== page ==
The brightest star that we can see in the night sky has been named Sirius, an ancient Greek word for “glowing”. It’s one of the closest stars to earth, about 8.5 light years away, and we can look forward to it getting brighter for the next 60,000 years as it inches ever closer to us. When the conditions are right, this star can be seen even in daylight.
It was in 1844, however, when this bright pinpoint of light was determined to be a binary star. That means the light we see is, in fact, produced by a pair of burning gas balls so close together that it seems as one. Sirius A is a big bright star, while Sirius B is a tiny white dwarf, which is a late stage star that has nearly burnt out and collapsed into a super dense ball. A teaspoon of white dwarf star material would weigh about the same as a locomotive.
The two make up a binary star system because they orbit around each other at about the same distance as Uranus orbits around the Sun. That’s close enough to be tangled up in each others gravitational fields. Some binary stars are so close that they actually pull on the gas like the moon pulls on the ocean tides. Matter is ripped free of it’s gravitational bonds creating a stream of “star juice” between the two masses.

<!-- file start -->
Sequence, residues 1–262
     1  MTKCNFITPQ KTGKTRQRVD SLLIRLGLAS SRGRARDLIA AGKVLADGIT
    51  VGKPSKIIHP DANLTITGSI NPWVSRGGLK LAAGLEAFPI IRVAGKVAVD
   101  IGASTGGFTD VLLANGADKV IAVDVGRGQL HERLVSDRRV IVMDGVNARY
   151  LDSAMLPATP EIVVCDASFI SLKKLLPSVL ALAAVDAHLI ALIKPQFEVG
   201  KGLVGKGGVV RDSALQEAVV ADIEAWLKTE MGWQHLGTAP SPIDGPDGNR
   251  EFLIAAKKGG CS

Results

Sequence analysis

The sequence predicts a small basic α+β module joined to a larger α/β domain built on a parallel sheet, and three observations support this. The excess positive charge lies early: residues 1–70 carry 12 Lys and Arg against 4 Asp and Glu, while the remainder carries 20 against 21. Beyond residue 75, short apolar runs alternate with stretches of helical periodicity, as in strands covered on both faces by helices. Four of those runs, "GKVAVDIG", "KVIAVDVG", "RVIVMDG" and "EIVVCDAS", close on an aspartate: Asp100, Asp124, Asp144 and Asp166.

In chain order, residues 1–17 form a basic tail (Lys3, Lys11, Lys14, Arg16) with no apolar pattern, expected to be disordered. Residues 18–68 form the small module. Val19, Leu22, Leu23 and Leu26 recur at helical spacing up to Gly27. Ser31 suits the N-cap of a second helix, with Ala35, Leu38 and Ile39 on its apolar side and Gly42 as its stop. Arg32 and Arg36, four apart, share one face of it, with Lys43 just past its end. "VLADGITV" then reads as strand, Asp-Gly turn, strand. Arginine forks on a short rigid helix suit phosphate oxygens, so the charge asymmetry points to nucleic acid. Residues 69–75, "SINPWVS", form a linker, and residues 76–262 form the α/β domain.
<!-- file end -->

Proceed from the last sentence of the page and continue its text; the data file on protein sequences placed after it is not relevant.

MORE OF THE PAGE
Thanks to Kepler’s Laws of Planetary Motion physicists have been able to look at the orbits of binary stars, which from our viewpoint is little more than a wobble, and reverse engineer the precise details of their mass and density. Combining that with a stars spectral signature, the peculiarities of the light it radiates, we’ve been able to learn a lot about the composition of stars twinkling from afar.
With improvements in both our telescopes and our understanding we’ve been able to determine that approximately 85 % of the stars in our own neighbourhood, the Milky Way galaxy, are binary pairs, or even larger multiple star systems. It seems our Sun is the odd one out, all by its lonesome.
Be nice to our Sun. After all, we’re made of the same stuff.